The second Metroid game brings Samus to the Metroids’ homeworld of SR-388. Deep in the bowels of this unstable planet, Samus encounters lava, earthquakes, and more evolved species of Metroids, until finally coming face-to-face with the Queen Metroid herself to eradicate the species for good.
Samus then spares the life of a single Metroid hatchling…
Metroid II was composed by Ryohji Yoshitomi, later famous for his work on the Wario series. Yoshitomi's score is in one of the most experimental game soundtracks ever produced, drawing on the themes established by Hirokazu Tanaka in Metroid for a unique series flavor. The "Title" theme is an exemplar of this style. "Title" begins with harsh electric pings, like sonar signals, followed by a melancholic melody that quickly flows into an epic conclusion, with explosions as percussion - just like Tchaikovsky's "1812 Overture".
Metroid II is also unique in that it does not use clean loops for many of its tracks, such as "Metroid Hive" and "The Baby Metroid". Instead, Yoshitomi gave each sound channel a melody with varying length, resulting in tracks without a clear loop. Here, the channel with the longest melody determined track length.
Yoshitomi also made extensive use of silence, as demonstrated by the numerous "Sub Caves" themes, and some areas have no soundtrack at all. These moments of eerie calm emulate an empty cavern and make the player nervously fear the next explosive Metroid encounter. One might say they even anticipate Donkey Kong Country. However, it is interesting to note "Sub Caves 4" contains echoes of the "Final Caves", as if you can hear them through the walls...
While the majority of the songs lack melody, Metroid II is famous for the "Main Caves" theme, an adventurous fanfare to match any game soundtrack. This, along with the triumphant "Ending", make the soundtrack close to the hearts of many fans. Players also felt right at home, with the epic, menacing organs of the "Final Caves" and Queen Metroid fight recalling the intense finale of Metroid's Tourian.
This recording is also the cleanest version of the Metroid II soundtrack you will find, encoded from Audio Overload and is the result of extensive testing. While the original hardware is plagued with pops and clicks, we concluded these were not intended by the composer, and are absent from the 3DS Virtual Console port.
|Metroid II Unofficial Player’s Guide (PDF), 25.5 MB||William Donehoo||2.00||05-08-16|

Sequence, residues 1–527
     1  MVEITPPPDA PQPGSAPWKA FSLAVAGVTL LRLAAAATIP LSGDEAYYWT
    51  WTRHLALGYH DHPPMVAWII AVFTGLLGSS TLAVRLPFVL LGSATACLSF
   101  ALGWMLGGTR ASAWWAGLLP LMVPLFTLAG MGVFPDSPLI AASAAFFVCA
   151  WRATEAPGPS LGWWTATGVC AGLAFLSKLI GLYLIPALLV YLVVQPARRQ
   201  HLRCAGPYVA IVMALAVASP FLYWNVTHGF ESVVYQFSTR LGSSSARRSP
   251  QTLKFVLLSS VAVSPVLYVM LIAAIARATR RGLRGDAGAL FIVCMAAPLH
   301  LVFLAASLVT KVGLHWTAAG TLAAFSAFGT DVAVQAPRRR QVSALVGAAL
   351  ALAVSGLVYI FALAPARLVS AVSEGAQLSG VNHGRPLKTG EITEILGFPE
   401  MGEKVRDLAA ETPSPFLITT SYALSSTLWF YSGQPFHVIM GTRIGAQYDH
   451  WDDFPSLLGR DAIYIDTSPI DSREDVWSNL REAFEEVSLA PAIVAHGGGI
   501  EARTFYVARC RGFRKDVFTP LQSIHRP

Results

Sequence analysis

|Metroid II Complete FAQ/Walkthrough||Falcon Zero||1.01||11-13-03|
Very similar to the Mid-Air Jump I found in Metroid, but it works a little differently. The difference between this one and the original is that here, you must jump IMMEDIATELY after pressing up, whereas in Metroid I, Samus is in a standing position when you press up from a ball and remains there until another button is pressed. In Metroid II, Samus is able to jump from a kneeling position, which seems to be what she is in for just a split second when UP is pressed while in a ball.
- Roll into a ball
- Roll off the edge of a platform
- While in the air, press UP and IMMEDIATELY press the Jump button
- Samus will jump from her position in midair.
- When you have the Spring Ball, roll into a ball and jump into the air
- Press UP and IMMEDIATELY press Jump
- Samus will jump from her spot in the air.
INTRODUCTION TO THE SECRET WORLDS
Many gamers know about the so-called “Secret Worlds” that can be found in the original Metroid for the NES. Believe it or not, there are also hidden glitch areas to be found in Metroid II! To access them, Samus must roll through walls by rapidly hitting the SELECT button. Much more information on the secret worlds in Metroid II can be found on the website The Metroid II Secret Worlds.
Metroid II has three different, and like the other games in the series, how quickly you complete the game determines which ending you get. They go as follows:
Time to Beat
|Best Ending (Suitless Samus)||<3 Hours|
|Second Best Ending (Suited Samus)||3-5 Hours|
|Fair Ending (Running Samus)||>5 Hours|
Ending gifs from VGMuseum.com
This issue featured a preview of Metroid 2.
Shows each weapon, a general map of the whole game with a list of what items live in each area, and detailed screenshot maps of the first three areas. The general map is blocky and doesn’t help much.
Now this is more like it! The complete maps and item/Metroid locations for Metroid II, with strategies and advice for each phase of the game.
This was sent out free with an issue of Nintendo Power around the time the Super Game Boy came out. Contains 6 pages on Metroid II. No maps, but it shows key points in the game and how to make it look cool on the SGB. It also shows 2 of the final ending screens (full armor and bikini).
Not much is known about this issue of Famicom Communications Weekly, Nintendo’s
popular official magazine in Japan. The image was taken from Retro Gamer
Magazine, Volume 6.
Metroid II Previews (Nintendo Power 27, 29)
Back in 1991, just like today, a Metroid sequel was a pretty big deal. This was Metroid’s first sequel ever and Nintendo ramped up the hype at trade shows to promote it. Some of the Nintendo Power previews even included beta screenshots!
Metroid II in Europe
While Metroid II was pretty popular in the States, across the pond in Europe, there doesn’t seem to have been quite as much hype over the game. Still, after a bit of digging we did find some images from French and Swedish magazines. Images from Abandonware Magazines and Underground Gamer.
Metroid II DX?
This article comes from the April 1998 issue of Club Nintendo, Germany’s equivalent of Nintendo Power. It announces the Game Boy Color, and while it doesn’t mention Metroid II by name, it does show a screenshot of Metroid II on the GBC… Well, not really. This room and this combination of tiles and enemies never appears in the game! It is most likely a mock screenshot rather than an actual product. Scans provided by Prime Blue.